What is ortho-k?Benefits of ortho-kWho is suitable?What is involved?Myopia controlSafetyHow much does it cost?
What is ortho-k and how does it work?
Orthokeratology (ortho-k), also known as corneal refractive therapy (CRT), is FDA approved and is now available in New Zealand. It is a safe and reversible alternative to glasses and daytime contacts for myopia (short-sightedness).
A specially designed hard contact lens is worn while you sleep and your tears help re-mould the cornea (the front surface of your eye). Upon waking, the contact lens is removed and you have clear vision lasting throughout the day without the need for additional glasses or contact lenses.
As this procedure is completely reversible, once lens wear has stopped the cornea will return to its original shape.
Benefits of ortho-k
- Clear vision and freedom from glasses and contact lenses during the day
- Completely reversible and no surgery required - Slows down and can even prevent short-sightedness getting worse (for children and teenagers)
- Clear and comfortable vision for sports
Who is suitable?
Those with low to moderate amount of myopia and mild astigmatism are suitable candidates.
Both children and adults are suitable, with no maximum age. Ortho-k is becoming increasingly popular in children and teenagers as they benefit from the effects of myopia control from the ortho-k lenses.
What is involved?
An initial screening is required to check the latest prescription and your eye health to ensure your eyes are healthy and suitable for ortho-k. Using a corneal topographer, we also the curvature of your corneas.
If suitable, an overnight trial will be done and your vision and eyes will be checked the following morning. Most people will notice some improvement to their vision after the first night and the ortho-k effects continue to improve over the next week. Some patients achieve 6/6 (20/20) vision within days, although the effects do vary with individuals. You will continue wearing the ortho-k lenses every night to stabilise the effects of the contact lenses.
After one week, we will monitor the performance of your ortho-k lenses. Depending on the outcome, we may refine the lenses and you will continue to wear the lenses where another review will be done at a later stage.
Regular reviews will be arranged at one month, three months and six months to assess the vision, eye health and the effects of ortho-k.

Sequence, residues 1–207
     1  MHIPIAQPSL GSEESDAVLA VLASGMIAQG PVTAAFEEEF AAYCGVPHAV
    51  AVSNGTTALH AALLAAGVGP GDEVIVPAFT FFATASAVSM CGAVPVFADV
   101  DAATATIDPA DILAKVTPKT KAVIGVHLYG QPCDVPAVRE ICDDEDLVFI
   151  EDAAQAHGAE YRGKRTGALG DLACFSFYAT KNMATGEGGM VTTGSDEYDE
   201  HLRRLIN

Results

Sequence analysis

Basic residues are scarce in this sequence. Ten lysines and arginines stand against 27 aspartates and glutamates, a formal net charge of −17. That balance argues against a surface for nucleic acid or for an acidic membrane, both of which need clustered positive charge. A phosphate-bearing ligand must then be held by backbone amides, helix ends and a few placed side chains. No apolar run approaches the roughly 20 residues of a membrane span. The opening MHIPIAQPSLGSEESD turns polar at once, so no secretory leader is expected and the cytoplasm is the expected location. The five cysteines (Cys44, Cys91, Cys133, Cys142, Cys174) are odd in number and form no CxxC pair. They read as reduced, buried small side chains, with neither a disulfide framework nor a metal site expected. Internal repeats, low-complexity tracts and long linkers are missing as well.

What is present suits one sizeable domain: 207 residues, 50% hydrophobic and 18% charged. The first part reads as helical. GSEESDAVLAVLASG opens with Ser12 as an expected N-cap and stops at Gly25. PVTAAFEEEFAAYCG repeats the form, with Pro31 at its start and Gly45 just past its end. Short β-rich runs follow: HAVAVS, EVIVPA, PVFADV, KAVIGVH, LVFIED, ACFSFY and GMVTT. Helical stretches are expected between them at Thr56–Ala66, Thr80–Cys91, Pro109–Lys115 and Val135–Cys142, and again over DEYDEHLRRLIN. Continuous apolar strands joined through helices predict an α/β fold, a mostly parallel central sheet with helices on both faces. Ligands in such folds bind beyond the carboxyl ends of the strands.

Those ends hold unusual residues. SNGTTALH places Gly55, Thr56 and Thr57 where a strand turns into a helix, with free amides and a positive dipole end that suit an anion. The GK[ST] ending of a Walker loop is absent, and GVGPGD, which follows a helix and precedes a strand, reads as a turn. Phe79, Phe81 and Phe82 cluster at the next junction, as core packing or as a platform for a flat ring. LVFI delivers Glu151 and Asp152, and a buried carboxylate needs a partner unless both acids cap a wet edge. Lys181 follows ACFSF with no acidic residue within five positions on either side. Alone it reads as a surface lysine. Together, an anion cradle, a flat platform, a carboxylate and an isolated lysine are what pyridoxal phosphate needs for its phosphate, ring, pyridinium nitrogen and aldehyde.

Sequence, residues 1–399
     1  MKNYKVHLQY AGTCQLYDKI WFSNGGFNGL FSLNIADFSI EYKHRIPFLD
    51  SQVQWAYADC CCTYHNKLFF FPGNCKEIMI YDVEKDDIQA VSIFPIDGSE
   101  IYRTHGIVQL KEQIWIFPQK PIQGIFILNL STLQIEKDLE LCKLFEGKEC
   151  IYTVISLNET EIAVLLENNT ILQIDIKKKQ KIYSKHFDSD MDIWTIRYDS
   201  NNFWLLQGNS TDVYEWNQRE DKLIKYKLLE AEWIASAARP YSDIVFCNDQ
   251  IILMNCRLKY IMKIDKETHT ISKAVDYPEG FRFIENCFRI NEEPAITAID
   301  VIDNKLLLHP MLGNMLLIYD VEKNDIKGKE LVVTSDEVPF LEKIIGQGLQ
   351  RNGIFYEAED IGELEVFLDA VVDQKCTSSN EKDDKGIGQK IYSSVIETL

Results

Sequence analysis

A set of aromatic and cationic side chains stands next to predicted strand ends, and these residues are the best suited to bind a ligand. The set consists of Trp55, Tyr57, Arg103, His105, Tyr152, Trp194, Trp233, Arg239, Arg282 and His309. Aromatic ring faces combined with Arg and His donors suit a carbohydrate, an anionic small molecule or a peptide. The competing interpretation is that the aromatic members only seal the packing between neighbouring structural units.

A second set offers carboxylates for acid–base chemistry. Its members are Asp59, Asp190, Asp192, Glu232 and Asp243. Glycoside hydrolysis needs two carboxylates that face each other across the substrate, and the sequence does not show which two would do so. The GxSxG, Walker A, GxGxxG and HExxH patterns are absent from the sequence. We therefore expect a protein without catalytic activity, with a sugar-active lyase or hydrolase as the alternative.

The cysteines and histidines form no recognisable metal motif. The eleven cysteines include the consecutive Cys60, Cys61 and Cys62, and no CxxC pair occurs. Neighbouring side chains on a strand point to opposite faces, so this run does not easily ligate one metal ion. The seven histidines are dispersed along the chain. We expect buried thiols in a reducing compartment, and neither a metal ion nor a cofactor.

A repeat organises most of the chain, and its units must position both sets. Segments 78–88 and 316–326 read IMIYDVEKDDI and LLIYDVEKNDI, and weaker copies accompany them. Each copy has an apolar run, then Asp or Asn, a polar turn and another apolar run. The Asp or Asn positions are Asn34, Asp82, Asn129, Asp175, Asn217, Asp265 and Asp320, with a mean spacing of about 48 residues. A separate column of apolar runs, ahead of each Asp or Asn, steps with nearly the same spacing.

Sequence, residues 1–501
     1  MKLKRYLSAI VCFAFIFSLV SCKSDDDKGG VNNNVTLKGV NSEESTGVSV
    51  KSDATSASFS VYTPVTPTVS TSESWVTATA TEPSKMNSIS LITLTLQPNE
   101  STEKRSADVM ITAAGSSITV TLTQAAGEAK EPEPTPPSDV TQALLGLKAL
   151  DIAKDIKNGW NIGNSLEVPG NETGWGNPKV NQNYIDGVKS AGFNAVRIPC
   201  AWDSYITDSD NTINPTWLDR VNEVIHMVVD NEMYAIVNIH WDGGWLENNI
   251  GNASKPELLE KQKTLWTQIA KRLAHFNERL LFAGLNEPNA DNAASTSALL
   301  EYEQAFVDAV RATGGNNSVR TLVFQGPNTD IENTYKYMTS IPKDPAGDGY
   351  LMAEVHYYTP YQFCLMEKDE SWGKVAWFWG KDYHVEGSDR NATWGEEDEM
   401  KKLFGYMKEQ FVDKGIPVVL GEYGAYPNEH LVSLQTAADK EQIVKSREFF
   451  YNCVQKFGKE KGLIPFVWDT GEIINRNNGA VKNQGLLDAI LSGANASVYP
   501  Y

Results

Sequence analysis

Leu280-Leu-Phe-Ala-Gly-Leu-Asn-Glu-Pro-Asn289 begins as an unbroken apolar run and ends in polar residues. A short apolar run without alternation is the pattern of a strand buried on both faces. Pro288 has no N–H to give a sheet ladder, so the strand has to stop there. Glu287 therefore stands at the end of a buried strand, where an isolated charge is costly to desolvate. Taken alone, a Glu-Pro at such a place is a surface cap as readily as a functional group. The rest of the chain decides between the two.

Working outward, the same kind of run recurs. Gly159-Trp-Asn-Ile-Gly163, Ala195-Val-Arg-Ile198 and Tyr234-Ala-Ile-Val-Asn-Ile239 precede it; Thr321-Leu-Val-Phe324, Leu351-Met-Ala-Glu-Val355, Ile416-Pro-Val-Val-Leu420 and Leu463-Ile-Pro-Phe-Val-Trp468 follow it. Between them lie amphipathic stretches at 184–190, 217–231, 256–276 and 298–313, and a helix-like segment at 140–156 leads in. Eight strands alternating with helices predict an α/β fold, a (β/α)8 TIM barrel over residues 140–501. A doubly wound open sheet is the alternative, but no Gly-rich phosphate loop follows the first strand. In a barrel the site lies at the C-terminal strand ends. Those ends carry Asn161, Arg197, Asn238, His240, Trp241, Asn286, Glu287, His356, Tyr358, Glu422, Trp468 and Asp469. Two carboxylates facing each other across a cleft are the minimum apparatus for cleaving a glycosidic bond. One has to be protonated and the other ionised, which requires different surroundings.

After wearing the lenses for a couple of months, some patients can also reduce how often they wear their ortho-k lenses to a few nights a week to maintain the effects (this varies with individuals).
Myopia (short sightedness) usually occurs when the eye is too big. Research from overseas and even locally at the University of Auckland, have discovered new options to slow down and even stop the progression of myopia in children and teenagers (myopia control).
Ortho-k lenses are specially designed to focus light clearly on the central retina (back of the eye) allowing you to see clearly, but light in the peripheral retina is out of focus (termed myopic defocus). Researchers believe this is important in myopia control.
Ortho-k has been approved by the FDA in the United States.
Ortho-k lenses are made from a high oxygen breathable material to ensure your eyes remain healthy.
The effects and safety of ortho-k has been investigated internationally and also in New Zealand at the University of Auckland.
As with all contact lens wear, regular check-ups and lens replacement as recommended by your optometrist is important to reduce the risk of infections.
How much does it cost?
Ortho-k is a specialty contact lens service. The fitting fee starts from $1950. This includes a pair of standard ortho-k lenses (valued at $900 a pair) and the remainder consisting of consultation and aftercare visits. A trial option is also available.
If changes need to be made to your lenses, this will be free of charge within the first 6 months.
Contact us for your FREE ortho-k assessment to see if you're suitable.
Ortho-k at Frith and Laird
At Frith and Laird, we are contact lens experts and regularly fit advanced speciality contact lenses. All our optometrists are members of Cornea and Contact Lens Society (CCLS). Robert, our therapeutic optometrist also wears ortho-k himself and is also a member of the Orthokeratology Society of Oceania (OSO). Robert also teaches contact lenses at the University of Auckland.
To learn how to insert and removal your ortho-k lenses, visit Paragon's website